On Oct. 26, communication school director Larry Gross hosted a roundtable discussion focused on faculty projects in the field of health reporting and health communication.
This format allowed USC Annenberg faculty and research staff to explain the progress and goals of their current pursuits and projects in the field of health communication. Communication professor Lynn Miller began the discussion by describing three projects that work to improve learning in virtual environments.
Miller is working to develop a game that has autonomous agents with a mind of their own that interact to create challenges for users in the game. These games will explore challenges such as drug use, risky sexual decision making and HIV prevention. As the editor-in-chief for the Center on Health Reporting, David Westphal discussed the way in which he and journalism professor Michael Parks work with the director of The California Endowment Health Journalism Fellowships, Michelle Levander, to collaborate with professional journalists and establish publications to provide in-depth reporting on health issues. Westphal also discussed the center's latest venture, "Home Alone," in which eight ethnic media in the Los Angeles cover the closing of adult health centers in California. Levander discussed The Boyle Heights Beat, a publication made in partnership with La Opinion. The Beat is written by 15-20 high school students from Boyle Heights community.
Communication professor Andrew Lakoff discussed his work is in the social studies of science and medicine and how experts understand disease and disease risk. One of his current projects focuses on the communication around pandemic preparedness strategy, with H1N1 as a case study. Lakoff assessed public responses to governmental health communication strategies in Europe and America.
Communication professor Peter Clarke discussed a project he is working on with researcher Susan Evans that addresses the issue of improper diet among low income people. Clarke encourages the incorporation of plant-based foods in low-income homes by working with food banks and collaborating with world-class chefs to provide affordable plant-heavy recipes.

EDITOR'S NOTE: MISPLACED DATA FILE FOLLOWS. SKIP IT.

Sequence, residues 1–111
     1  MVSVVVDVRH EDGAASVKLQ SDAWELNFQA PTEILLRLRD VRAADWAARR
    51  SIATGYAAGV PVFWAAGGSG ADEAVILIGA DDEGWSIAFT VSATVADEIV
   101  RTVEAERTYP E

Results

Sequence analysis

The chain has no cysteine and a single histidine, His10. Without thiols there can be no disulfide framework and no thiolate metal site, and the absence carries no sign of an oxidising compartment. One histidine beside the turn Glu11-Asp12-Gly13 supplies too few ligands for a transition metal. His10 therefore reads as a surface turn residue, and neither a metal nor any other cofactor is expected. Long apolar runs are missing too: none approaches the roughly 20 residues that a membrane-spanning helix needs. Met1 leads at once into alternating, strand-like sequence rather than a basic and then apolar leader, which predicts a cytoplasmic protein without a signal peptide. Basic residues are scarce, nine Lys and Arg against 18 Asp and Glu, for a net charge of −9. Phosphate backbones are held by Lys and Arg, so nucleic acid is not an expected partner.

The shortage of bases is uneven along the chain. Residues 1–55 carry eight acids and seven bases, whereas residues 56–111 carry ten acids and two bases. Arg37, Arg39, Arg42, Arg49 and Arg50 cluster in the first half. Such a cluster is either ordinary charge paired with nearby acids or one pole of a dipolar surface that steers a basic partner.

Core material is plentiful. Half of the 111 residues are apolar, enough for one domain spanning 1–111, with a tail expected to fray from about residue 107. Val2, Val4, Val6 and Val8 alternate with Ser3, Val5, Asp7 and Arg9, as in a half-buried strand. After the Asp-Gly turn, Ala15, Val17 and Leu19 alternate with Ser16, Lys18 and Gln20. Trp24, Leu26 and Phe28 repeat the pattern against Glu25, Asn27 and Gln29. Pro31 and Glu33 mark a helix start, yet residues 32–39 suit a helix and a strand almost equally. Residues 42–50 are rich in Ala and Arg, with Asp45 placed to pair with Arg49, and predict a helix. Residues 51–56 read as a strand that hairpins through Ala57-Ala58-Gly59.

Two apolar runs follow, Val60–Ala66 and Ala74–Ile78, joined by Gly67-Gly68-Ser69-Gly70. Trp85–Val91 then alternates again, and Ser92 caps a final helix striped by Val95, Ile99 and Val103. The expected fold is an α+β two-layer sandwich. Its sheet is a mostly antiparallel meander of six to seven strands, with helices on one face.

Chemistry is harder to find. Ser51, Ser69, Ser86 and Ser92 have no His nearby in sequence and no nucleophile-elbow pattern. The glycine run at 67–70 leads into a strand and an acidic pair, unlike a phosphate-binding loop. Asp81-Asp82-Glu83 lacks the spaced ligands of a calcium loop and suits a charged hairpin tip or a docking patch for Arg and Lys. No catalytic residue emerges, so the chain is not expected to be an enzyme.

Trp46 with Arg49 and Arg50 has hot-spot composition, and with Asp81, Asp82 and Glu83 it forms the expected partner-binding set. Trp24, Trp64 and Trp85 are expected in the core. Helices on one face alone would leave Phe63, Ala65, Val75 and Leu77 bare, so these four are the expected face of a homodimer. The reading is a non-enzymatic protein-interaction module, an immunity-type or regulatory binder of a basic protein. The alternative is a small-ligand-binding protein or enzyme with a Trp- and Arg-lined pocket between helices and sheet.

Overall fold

Sandra Buffington, director of the Norman Lear Center's Hollywood Health and Society project, discussed her research group's mission "to increase the accuracy and frequency of storylines in TV and new media." For 10 years, Hollywood Health and Society has served as a bridge between entertainment and public health. The organization connects writers and producers to health officials officials for free in order to ensure the accuracy of health topics in TV and film narratives. Sheila Murphy discussed a project that studies how narrative works in conveying health relations. She recently released two 11-minute short films that convey the same 18 facts about reproductive health in narrative and non-narrative formats. She will assign viewings to 1200 women of varying ethnicities to explore the effectiveness of narrative in portraying information.
Sandra Ball-Rokeach discussed how the Metamorphosis Project looks at barriers to cervical cancer at the community level. Communication professor Margaret McLaughlin discussed projects that focus on health communication technology. Currently she is working to find funding to try to develop virtual environments for stroke patients in order to help them practice lost motor skills. Also she is working on a mobile video sharing project for young adult cancer survivors. The goal for the roundtable discussions is to encourage communication between project coordinators and spark collaborative ideas on how to face challenges and create opportunities.